Jacob. Easy. Lyssa spoke in his mind. Let’s see where this goes.
I’m ever obedient to your will, my lady.
He felt the touch of wry humor, saw it flash through her jade green eyes as her gaze flickered his way. Still, he meant it. He wasn’t as good at poker faces as Mason, but he could keep his mouth shut when needed. As Keldwyn noted their approach, his expression got sour. Lyssa spoke before he could say anything, however.
“And if I prefer to remain solitary?”
Unlike him, his lady had an exceptional talent for not revealing anything about her true thoughts on a matter, so Jacob knew the edge to her voice was deliberate. Keldwyn turned his gaze back to her.
“Then you should not have done this.” He nodded at the trees. “This is dark magic, with a clear Unseelie signature. Your father had blood from both the Seelie and Unseelie courts, so it remains to be seen if your abilities will stay in the realm of one court or expand to both. However, as of now, you’ve made an indelible mark on the Unseelie queen’s universe, and so her eye is turned toward you. This is not an invitation. If you choose to refuse it like one, you will not have months to live like a fugitive in the woods as you did when the vampires shunned you. The queen will destroy all you hold dear. She can have you brought to her in chains and keep you as a pet at her feet, until she feels you understand obedience.”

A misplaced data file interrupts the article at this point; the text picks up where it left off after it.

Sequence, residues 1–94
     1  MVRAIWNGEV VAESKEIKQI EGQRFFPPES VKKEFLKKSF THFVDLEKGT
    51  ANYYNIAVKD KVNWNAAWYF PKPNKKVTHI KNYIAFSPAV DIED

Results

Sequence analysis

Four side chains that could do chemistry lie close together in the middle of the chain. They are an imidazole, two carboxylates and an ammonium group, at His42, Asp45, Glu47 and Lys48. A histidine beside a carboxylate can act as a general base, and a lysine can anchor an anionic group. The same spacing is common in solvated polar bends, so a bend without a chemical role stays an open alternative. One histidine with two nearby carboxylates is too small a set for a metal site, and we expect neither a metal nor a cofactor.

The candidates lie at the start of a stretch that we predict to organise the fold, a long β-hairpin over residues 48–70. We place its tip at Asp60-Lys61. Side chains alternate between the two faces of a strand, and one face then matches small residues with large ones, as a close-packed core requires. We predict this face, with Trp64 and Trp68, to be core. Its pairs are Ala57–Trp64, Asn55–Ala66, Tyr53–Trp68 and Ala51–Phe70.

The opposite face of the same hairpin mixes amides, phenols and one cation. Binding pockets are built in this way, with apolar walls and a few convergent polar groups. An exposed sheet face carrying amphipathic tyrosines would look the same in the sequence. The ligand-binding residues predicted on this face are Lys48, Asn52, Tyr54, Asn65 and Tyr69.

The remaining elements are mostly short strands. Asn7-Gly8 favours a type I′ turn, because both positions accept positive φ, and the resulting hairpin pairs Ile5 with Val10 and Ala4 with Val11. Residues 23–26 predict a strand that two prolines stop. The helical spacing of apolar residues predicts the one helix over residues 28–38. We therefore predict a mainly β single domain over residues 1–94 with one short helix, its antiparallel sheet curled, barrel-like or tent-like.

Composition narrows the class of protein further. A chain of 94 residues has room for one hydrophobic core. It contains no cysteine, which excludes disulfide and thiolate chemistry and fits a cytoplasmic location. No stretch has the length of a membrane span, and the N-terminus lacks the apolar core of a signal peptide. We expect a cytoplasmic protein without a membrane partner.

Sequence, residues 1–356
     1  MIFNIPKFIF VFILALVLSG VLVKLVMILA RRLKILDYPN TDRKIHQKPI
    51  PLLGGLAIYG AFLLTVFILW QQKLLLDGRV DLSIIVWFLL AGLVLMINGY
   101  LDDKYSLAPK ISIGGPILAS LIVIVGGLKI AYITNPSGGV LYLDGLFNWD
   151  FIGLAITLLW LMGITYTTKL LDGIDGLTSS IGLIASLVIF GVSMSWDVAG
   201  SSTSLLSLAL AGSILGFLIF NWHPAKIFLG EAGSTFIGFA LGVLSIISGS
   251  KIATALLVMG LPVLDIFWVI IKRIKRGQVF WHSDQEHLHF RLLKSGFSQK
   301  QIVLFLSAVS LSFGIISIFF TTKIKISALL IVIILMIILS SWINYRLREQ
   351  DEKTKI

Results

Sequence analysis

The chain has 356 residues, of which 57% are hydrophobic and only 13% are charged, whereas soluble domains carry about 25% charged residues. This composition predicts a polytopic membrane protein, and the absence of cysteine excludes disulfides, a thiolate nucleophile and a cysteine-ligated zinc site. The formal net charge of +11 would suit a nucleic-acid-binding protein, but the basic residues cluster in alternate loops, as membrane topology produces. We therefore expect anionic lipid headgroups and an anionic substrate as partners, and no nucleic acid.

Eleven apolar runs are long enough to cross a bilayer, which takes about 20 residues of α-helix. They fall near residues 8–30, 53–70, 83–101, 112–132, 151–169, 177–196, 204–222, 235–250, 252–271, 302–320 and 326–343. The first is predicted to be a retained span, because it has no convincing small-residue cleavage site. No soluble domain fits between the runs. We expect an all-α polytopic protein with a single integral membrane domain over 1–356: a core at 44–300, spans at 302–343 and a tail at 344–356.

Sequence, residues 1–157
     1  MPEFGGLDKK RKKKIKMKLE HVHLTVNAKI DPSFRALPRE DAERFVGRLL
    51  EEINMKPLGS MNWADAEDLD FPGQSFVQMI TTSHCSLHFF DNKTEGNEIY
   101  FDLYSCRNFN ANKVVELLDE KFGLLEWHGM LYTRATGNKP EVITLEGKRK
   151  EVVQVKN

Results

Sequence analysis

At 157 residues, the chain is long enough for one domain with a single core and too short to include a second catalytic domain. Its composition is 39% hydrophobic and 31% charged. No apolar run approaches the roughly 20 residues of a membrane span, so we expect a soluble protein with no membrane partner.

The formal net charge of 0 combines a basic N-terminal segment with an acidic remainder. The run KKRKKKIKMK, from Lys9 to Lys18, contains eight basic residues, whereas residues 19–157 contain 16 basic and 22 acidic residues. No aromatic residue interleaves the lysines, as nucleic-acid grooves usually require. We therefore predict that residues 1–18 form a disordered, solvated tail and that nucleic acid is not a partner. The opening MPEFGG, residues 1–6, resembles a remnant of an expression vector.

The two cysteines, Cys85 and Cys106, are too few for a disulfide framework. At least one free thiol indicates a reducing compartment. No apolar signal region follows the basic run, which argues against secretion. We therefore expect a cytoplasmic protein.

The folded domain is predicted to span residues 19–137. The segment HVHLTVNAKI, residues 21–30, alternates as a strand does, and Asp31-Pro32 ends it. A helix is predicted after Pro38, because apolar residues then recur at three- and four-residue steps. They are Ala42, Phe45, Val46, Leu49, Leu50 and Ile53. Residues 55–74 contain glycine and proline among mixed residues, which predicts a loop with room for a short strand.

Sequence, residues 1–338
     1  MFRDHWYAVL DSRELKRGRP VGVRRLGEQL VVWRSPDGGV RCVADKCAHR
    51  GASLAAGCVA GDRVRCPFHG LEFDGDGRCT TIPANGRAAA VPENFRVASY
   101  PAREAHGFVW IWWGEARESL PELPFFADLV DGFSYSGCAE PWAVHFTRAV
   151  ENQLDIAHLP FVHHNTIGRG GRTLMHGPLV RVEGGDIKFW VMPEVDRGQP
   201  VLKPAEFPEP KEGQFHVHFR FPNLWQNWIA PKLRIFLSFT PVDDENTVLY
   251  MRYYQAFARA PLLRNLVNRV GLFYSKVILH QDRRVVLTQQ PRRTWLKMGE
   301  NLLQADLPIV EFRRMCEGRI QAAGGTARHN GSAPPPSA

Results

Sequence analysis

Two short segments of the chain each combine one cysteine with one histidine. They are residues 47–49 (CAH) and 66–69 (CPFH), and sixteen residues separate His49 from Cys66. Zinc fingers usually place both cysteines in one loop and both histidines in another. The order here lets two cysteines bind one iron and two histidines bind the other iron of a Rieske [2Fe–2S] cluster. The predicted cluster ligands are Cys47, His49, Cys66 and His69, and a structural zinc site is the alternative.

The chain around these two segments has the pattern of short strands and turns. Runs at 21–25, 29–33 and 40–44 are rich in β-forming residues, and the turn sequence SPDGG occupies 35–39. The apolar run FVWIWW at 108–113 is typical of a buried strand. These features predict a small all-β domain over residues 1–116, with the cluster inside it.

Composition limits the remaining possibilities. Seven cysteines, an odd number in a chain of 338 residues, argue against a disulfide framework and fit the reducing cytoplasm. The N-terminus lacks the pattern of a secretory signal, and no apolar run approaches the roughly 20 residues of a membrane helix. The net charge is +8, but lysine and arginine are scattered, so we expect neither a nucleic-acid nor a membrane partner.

Keldwyn’s voice was flat, his gaze utterly impersonal. Even so, Jacob sensed something beneath that, an elusive sense of urgency, enough to underscore and make his words unsettling truth, not a goading threat.
Ever since they’d met Keldwyn, months ago, this was the way it had been. Jacob’s gut was always on high alert around the pointy-eared bastard, scanning for something that felt not quite... right. Of course, Jacob had Irish roots, and before her death, his mother had regaled him with bedtime stories of the Fae. Fascinating, beautiful and wondrous, they were also capricious, unpredictable and morally neutral at best. At worst, they could be and do things much like Keldwyn had just described the Fae queen doing. In short, it was best to give anything smacking of them a wide berth.